4th > December > 2012 Archive
Australian game developer Halfbrick Studios has partnered with mobile analytics outfit OtherLevels to accelerate its global mobile gaming strategy across 13 languages and markets.
A series of posts on ExploitDB by an author signing as “King Cope” reveal a new set of MySQL vulnerabilities – along with one issue that could just be a configuration issue.
Voting has officially opened for users of Facebook to decide if they agree with the proposed changes Zuckerberg and his crew want to make to the site's terms and conditions.
British software entrepreneur and Autonomy founder Mike Lynch has launched a new website dedicated to airing his ongoing grievances with HP, which has accused him and other former Autonomy execs of misrepresenting the company's finances.
Given Syria’s recent “have you tried turning it off and turning it back on again?” Internet experience, analysing what other countries this might happen to is a good idea.
WikiMartyr-in-waiting Julian Assange has emitted another screed in which he shares his belief that democracy is being dangerously undermined by government monitoring of the internet, and that Facebook and Google are helping those efforts.
China Mobile, is set to launch its own Siri-like voice assistant service on Wednesday, a move which will provide more unwelcome local competition for Apple in the world’s biggest smartphone market.
Venerable spacecraft Voyager 1 has arrived in the most distant part of space that can be considered part of the solar system.
An incensed university student in China’s Jilin province has taken to the web to vent his frustration at being rejected during a job interview after his interviewer spotted that he owned an iPhone.
Foreign states may already have used malware to map the networks that support the UK's critical infrastructure systems, the government admitted.
LG could be set to take its first major leap towards carving out a new role as a fabless chipmaker next month when it debuts its H13 processor inside a smart TV at CES in Las Vegas.
The ten-year-old girl accused of piracy in Finland will probably still find it hard to stay off Santa’s naughty list, but has at least cost her family only €300 after attempting to pinch a Finnish pop song.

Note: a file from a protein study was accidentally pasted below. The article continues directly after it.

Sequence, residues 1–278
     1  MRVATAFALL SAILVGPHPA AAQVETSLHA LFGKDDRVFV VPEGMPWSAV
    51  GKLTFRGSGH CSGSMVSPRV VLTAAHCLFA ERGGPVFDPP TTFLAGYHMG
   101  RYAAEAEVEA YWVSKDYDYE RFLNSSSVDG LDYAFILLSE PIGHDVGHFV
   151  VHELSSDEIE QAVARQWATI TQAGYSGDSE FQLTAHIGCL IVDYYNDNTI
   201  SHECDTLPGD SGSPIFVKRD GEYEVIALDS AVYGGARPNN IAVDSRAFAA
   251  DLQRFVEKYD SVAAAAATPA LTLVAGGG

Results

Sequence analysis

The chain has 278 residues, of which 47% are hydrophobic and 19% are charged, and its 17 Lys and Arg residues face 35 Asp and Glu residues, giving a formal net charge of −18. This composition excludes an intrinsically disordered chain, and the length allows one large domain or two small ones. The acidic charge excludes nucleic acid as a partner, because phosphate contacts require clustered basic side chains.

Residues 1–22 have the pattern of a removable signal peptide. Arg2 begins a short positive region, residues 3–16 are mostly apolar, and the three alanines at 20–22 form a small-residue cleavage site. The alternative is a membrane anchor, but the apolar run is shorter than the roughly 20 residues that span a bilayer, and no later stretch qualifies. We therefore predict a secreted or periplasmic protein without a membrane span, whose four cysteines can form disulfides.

Google-owned Motorola won't be granted an injunction against Microsoft's Xbox games console, but only on the grounds that Redmond will cough up the readies if necessary.
Feature I'm not a very good liar, I haven't got the memory for it, which is why it always pricks my conscience whenever I tick the yes box to the prompt "I have read and understood…" when installing software. I am, of course, fibbing. I never read a word. In fact, even though we all tick yes to these agreements every day, unless you're a legal bod, I doubt you could find anyone you know who could quote a single line from any of them.
AMD has had a wrenching couple of years, and its executives are wrestling with so many transitions in the processor market and inside AMD that they are just punting out the new Opteron 4300 and 3300 CPUs for entry servers without making a fuss with the press or analyst communities.
When the bell tolls, you really want to be sure that you can find the relevant documents and emails you need to support your case. For most of us, that bell rarely tolls and we live in hope that the ad-hoc measures we’ve cobbled together will see us through when it does. For others that bell doesn’t just toll, it’s like Tinnitus. And it’s thanks to compliance and regulation.
It's with heavy hearts that we report the loss of the Special Project Bureau's heroic playmonaut, after the Low Orbit Helium Assisted Navigator (LOHAN) balloon launch on Saturday ended in the English Channel off the coast of Sussex.
Nutanix, which uncloaked last year peddling a virtualisation-driven all-in-one compute-and-storage appliance, is updating its server iron to keep pace with the rest of the tier-one players while also tweaking its underlying systems software.
Britain’s eight million Nintendo Wii owners now have a reason to blow the dust off their console and power it up once more. Well, at least those of them who also happen to be Lovefilm subscribers do.